A Project for Better Journalism chapter

Northampton High’s New Club-Making Process a “Crooked Path”

This school year at Northampton High, aspiring student clubs are hindered due to a new, complex club making process.

In previous years, all students had to do was find an advisor and submit a form. This year, however, there is a multistep process. Students have two options if they are interested in creating a club. First, they could ask for budget money allotted for a club the following year. This would let students create an official club the next year with a faculty member, as long as the office approves money for the club.

Second, students could attempt to find a volunteer not affiliated with the school to run the club. This involves finding an adult outside of the Northampton School system to get checked for a criminal record, fingerprinted, and go through the VINS (Volunteers in Northampton Schools) process, said Candice Walczak, Northampton School District Business Manager.

It seems there is a definite disconnect between students, faculty, and the office in terms of communication on this new process at NHS. Students who submitted forms last year for a club for the 2015-16 school year were either chosen to make it through to this year or get cut. NHS junior Lily Rogers was one of the students whose club got cut. Rogers said, “Nobody told me it wasn’t happening. I noticed the club name wasn’t on the website, so I went to the office.”

One reason behind the change relies on a need to fund not just the club activities, but also the teachers running them. Kim Broussard, office assistant to principal Lombardi, said, “Now they’re saying a teacher or a paid employee of the city cannot just volunteer their time for a school activity, because it’s a conflict of interest.” Teachers or faculty of the school who advise clubs now must receive a stipend of $300 for doing so. NHS faculty John Selfridge was the Teacher Chapter Coordinator for the Teacher Union last year and advocated for a stipend for teachers running clubs. “It’s fair for teachers to get paid for their extra time,” said Selfridge.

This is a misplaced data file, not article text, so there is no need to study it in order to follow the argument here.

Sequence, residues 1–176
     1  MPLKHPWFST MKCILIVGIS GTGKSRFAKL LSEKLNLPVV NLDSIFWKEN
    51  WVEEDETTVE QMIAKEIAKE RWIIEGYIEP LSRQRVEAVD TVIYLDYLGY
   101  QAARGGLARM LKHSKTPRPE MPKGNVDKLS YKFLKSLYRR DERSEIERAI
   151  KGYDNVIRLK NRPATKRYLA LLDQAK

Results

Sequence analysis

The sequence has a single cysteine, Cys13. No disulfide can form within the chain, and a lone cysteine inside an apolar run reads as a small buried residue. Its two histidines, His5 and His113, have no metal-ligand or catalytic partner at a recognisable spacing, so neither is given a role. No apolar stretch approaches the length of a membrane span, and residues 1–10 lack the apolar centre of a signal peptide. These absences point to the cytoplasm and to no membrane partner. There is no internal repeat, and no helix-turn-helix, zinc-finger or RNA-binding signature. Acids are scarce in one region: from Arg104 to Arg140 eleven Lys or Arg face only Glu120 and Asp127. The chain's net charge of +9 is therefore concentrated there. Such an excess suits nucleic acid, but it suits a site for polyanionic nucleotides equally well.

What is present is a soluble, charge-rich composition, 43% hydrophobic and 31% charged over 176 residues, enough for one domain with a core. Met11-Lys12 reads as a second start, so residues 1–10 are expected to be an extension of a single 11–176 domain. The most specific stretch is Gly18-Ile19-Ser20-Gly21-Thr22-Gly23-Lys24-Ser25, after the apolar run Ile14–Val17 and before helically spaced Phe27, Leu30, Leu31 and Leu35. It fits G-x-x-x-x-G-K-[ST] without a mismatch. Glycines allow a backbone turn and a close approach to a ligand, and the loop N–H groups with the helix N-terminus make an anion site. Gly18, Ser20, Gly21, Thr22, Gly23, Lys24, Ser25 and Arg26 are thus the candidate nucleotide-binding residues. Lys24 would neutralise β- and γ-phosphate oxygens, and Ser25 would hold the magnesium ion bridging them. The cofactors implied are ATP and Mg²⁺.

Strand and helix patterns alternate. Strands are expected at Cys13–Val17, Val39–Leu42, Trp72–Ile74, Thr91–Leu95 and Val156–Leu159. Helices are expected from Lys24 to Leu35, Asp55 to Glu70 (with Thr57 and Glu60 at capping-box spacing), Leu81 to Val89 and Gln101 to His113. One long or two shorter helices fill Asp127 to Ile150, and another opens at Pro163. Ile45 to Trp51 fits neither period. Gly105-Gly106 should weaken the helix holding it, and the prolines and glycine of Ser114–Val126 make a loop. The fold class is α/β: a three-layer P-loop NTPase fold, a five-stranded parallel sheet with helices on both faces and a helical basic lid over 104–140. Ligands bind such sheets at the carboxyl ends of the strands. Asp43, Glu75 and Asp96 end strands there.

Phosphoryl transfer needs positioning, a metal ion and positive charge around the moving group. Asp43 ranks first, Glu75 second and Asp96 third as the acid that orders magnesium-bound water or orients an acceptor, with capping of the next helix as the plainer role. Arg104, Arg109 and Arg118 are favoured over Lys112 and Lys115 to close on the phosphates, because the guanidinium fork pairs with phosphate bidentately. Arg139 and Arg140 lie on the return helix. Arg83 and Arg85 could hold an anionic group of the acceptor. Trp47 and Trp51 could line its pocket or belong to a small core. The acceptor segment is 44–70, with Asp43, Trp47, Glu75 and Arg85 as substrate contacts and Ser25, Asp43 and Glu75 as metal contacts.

The other problem facing NHS administration currently is the school budget, or lack of it, in this case. The school has run out of money in the budget to fund new clubs, and the method around the budget isn’t easier. “I think students will stop going to [the office] with new clubs because they know there’s no funding,” said Broussard.

The most difficult factor in this change, however, is the confusion and lack of information within the school. No one really seems to know the appeals process for new clubs created this year such as the new Nursing Club, or how the decision is made to finance or not finance new clubs. Rogers said, “There is definitely hypocrisy.”

Meanwhile the office is also trying to learn how to function under the new regulations while also helping students. Broussard said, “It’s a very crooked path until we figure out where we are heading.”